Spanning the majority of the barrel, the Stubborn Mule M-Lok handguard offers plentiful real estate for accessories and iron sights.
I’m a big fan of “doing the math,” so I wanted to run a quick cost-analysis list of the Master series. Billet upper and lower receivers tend to run anywhere from $300 to $500 for a matched set. A match-grade barrel will run at least a couple hundred dollars, and triggers can run $100 to $200 (and up). Toss in a freefloat, M-Lok-compatible handguard, a nitrided bolt-carrier group and an ambidextrous charging handle and you’re easily looking at anywhere between $1,000 to $1,200 just in major components. Now add furniture, parts kits and all the other components that go into a build, and you could easily be close to $1,500 when all is said and done, and that’s without having the whole thing Cerakoted once the rifle is built. With that in mind, the price of the Master Series line is quite reasonable.
Now, yes, if you’re someone who has the tools, workshop and skills to put together an AR-style rifle (and skills are minimal; heck, I can do it…) you can most likely put together a rifle similar to the Master Series line for similar money. Not everyone wants to build their own, though, and for a shooter who might have gotten bit by the AR-15 bug with an entry-level carbine, pretty much anything in the Head Down Firearms lineup is a solid next step. The Craftsmen and Master series, coming with Cerakote options, even add in a splash of color for those who so desire. Plus, Head Down Firearms warrants every rifle the company sells for life—if there are any problems (and all indications are that this won’t be needed), Head Down will fix it—or replace it—to make it right. That’s a pretty strong belief in the products the company is selling, and good to know for a new manufacturer.
From the mild to the wild, Head Down Firearms has a Cerakote finish to complete your gun.
Of course, the real proof is in the performance, right? All the cool paint jobs and upgraded furniture don’t mean much if the rifle can’t stay running or keep a consistent, tight group. Given that this particular rifle is in 224 Valkyrie, a round that has shown amazing promise, but not without some, well, teething issues as it hit the market, I was genuinely curious how the rifle was going to perform at the range. Functionally, I wasn’t terribly concerned, but when it came to the accuracy portion, well… This is the part in the story where the narrator breaks in and tells the audience, “He didn’t need to worry.” Even using the Federal Premium American Eagle-branded “plinking” ammo, the HD-15 turned in solid results, with several groups less than an inch at 100 yards. I didn’t get an opportunity to run the HD-15 at longer distances, which is really too bad, as that’s where the 224 Valkyrie is designed to excel. How-ever, it’s a pretty sure bet I’d have had excellent results out as far as I can see.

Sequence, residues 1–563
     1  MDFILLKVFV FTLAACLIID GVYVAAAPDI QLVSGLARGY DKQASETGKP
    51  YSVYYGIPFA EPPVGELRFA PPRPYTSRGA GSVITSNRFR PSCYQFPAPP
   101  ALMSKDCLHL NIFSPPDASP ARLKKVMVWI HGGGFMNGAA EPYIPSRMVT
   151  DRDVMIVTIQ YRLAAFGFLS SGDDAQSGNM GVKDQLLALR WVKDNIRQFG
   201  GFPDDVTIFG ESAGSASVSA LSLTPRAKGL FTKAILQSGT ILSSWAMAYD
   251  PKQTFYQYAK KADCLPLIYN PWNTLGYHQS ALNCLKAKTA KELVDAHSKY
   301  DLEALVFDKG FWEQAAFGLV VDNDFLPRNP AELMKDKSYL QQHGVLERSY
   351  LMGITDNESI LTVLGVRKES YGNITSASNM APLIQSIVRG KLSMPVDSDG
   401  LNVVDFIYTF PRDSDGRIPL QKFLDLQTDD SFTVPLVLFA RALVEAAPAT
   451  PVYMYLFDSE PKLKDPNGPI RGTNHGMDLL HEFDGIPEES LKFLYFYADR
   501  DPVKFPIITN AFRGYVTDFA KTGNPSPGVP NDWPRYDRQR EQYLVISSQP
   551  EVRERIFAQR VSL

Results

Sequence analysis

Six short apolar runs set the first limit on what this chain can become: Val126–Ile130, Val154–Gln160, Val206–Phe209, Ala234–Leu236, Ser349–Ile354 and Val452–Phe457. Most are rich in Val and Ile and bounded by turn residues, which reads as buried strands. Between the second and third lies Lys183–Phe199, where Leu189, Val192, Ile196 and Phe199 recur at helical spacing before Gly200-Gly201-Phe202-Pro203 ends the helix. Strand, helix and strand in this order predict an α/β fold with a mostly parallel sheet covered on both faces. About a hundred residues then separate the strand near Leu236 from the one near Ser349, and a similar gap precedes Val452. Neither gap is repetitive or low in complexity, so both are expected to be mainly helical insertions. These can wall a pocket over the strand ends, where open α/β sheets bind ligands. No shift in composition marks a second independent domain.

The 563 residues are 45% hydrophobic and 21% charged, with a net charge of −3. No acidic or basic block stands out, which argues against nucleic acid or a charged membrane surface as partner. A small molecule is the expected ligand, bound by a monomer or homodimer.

Lightweight furniture from Luth-AR and Mission First Tactical help keep the weight of this 18-inch-barreled rifle trim and lean.
What I found most interesting from the accuracy testing is the consistency among the groups. All three loads tested had sub-MOA results; all had results that were not. In fact, only .11 inch separated the best average from the worst; and even more impressive, the best groups were achieved using the least-expensive ammunition. One of the points we’ve made over the years with “next-level” firearms—whether a pistol, rifle or shotgun—is that often the increase in price over an entry-level variant buys a level of consistency. While, yes, there are some aesthetic and functional upgrades, the more-important feature is the ability of the firearm to perform exactly as expected each and every time. Our experience with this Head Down rifle certainly confirms the repeatability in action.
Functionally, I did not observe a single malfunction of any sort throughout multiple hundreds of rounds of testing. Soft-point, full-metal-jacket, open-tip-match and other ammunition types were tested to make sure the rifle fed and ejected a variety of cartridges (well, as many as we could find in 224 Valkyrie; obviously there’s a wider range in .223 Rem. or .300 BLK). At no point did I observe any stoppages, malfunctions or even erratic ejection patterns. I’ve got to hand it to the folks at Head Down Firearms—the company makes sure its rifles work 100 percent. While the rifle ships with a 20-round C-Products magazine, I tested Duramag 10-round and CPD 28-round variants with no ill effects (obviously, these are the 6.8 SPC magazines that also work for 224 Valkyrie). One thing I did notice, and this really isn’t specific to this rifle, is that the medium-profile barrel heats up pretty quickly running bullets at 3,000 fps. After a couple dozen rounds, it really needed to cool a bit, which may explain some of the larger groups in testing (patience is not one of my virtues). Again, not a knock on the rifle at all, just an observation; if you’re planning extended range sessions, plan in some breaks in the shooting.
In the end, there’s a lot to like about Head Down Firearms and the company’s line of rifles and carbines. For those looking for the “next level” in a carbine or simply for someone looking for a rifle that stands out in the crowd, Head Down offers a trim level and a custom paint job that’ll work just fine. Whether it’s a casual day at the range, a carbine training course or even a long-range outing, there’s a Head Down Firearms rifle for the task. While our crystal ball isn’t functioning up to 100 percent right now, it’s not hard to imagine that other configurations and receiver options might be available down the road—although the company was tight-lipped about larger receivers. Keep a sharp eye out and your Head Down, as this is definitely a company to watch.